Arthur in the East: Cross-Cultural Translations of Arthurian Romances in Greek and Hebrew, Including a New Translation of ‘O Πρέσβυς ‘Iππότης (The Old Knight)
2012 (English)In: LATCH: The Journal of Literary Artifacts in Theory, Culture and History, ISSN 1940-5731, Vol. 5, 75-105 p.Article in journal (Refereed) Published
Ὁ Πρέσβυς Ἱππότης (or, O Presbus Ippotes, translated the The Old Knight) and ארטוש†מלך†(Melech Artus, translated King Arthur) are the only extant medieval Arthurian romances in Greek and Hebrew, respectively. These poems, translated from French via an Italian intermediary, are more than simply translations across languages; they also translate across cultures and literary traditions. The Byzantine poet-translator of O Presbus Ippotes transforms the story of Arthur into the style and idiom of Homeric epic while the Jewish poet-translator of Melech Artus adopts the language of Biblical narrative. Because the Byzantine and Jewish cultures into which these Arthurian romances were translated were so radically different from the Western European Catholic tradition in which they had been originally composed, they demonstrate the ways in which medieval translators attempted to make their works not only linguistically, but culturally accessible as well.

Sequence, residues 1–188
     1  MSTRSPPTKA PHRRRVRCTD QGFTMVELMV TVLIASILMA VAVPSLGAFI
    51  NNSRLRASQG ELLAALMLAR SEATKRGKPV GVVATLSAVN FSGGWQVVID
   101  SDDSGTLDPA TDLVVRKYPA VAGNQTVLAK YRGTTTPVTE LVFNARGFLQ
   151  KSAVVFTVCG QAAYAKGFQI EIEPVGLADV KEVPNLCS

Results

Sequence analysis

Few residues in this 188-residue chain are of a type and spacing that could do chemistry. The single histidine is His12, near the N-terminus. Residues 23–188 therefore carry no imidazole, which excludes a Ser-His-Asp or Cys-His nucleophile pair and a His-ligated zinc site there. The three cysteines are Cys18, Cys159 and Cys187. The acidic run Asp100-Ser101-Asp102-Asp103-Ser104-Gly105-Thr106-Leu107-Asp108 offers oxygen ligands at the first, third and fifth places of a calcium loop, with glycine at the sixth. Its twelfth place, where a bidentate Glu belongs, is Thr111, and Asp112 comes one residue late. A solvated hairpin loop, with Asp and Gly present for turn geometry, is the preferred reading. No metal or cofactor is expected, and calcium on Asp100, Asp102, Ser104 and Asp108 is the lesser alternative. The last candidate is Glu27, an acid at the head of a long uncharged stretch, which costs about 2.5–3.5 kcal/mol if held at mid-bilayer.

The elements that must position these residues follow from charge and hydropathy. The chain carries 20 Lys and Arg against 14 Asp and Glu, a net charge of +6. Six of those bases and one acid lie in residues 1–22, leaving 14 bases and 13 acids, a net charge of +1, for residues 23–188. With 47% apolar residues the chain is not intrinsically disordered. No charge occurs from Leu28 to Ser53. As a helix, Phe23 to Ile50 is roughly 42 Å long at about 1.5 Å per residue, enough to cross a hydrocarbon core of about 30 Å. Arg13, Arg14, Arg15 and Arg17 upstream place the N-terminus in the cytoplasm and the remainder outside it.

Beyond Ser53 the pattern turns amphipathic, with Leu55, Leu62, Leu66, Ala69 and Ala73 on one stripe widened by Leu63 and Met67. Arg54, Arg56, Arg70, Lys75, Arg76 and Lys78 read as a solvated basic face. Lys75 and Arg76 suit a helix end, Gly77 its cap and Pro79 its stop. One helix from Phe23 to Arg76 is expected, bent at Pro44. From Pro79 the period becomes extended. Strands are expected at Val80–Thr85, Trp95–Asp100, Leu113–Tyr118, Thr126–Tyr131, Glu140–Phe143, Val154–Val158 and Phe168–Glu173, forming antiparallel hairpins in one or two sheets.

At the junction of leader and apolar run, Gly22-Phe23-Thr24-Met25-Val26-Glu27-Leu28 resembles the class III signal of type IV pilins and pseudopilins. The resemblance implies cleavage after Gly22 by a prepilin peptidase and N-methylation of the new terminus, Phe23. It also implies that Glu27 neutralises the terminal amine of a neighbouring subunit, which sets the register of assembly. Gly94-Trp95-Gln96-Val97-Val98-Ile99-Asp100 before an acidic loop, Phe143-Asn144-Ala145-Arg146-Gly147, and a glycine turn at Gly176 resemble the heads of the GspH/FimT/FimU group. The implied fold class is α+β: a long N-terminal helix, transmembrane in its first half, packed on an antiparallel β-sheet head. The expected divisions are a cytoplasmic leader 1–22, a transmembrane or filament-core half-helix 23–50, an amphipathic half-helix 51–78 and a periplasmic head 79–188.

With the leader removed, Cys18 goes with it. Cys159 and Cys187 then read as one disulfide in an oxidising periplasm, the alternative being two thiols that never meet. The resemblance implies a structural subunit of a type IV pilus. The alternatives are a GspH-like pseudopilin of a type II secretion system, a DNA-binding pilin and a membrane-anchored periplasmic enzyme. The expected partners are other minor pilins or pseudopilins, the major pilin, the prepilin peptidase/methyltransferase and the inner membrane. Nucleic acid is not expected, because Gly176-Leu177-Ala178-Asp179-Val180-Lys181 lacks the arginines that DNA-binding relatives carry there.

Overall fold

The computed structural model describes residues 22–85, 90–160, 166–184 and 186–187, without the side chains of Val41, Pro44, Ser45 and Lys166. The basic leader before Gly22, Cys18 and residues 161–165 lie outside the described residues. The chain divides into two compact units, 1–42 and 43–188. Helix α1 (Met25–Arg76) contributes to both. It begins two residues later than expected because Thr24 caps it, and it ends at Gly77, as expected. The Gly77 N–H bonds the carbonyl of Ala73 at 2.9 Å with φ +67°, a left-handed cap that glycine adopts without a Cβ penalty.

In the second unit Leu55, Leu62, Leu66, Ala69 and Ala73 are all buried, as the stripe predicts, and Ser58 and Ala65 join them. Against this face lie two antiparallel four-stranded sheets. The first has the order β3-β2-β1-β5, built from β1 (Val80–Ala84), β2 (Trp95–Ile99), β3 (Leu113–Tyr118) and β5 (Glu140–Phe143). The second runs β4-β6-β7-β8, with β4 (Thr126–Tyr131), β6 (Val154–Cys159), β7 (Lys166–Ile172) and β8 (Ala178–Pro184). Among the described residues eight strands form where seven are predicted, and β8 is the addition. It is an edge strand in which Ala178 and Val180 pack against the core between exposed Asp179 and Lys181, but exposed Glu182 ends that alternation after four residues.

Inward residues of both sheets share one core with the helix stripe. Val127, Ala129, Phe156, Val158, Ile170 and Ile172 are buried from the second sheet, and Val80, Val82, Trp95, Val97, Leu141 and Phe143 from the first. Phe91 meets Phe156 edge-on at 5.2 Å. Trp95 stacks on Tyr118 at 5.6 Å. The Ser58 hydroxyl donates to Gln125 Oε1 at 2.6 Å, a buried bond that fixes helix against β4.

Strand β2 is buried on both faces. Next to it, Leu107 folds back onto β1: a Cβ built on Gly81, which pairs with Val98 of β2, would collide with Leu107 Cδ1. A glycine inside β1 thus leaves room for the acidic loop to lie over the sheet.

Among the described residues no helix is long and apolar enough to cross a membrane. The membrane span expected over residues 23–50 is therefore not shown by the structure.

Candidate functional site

Place, publisher, year, edition, pages
2012. Vol. 5, 75-105 p.
King Arthur, The Matter of Britain, Romance, Medieval literature, Byzantine literature, Hebrew literature, Translation, Homer, The Bible, Poetics
IdentifiersURN: urn:nbn:se:uu:diva-163691OAI: oai:DiVA.org:uu-163691DiVA: diva2:464561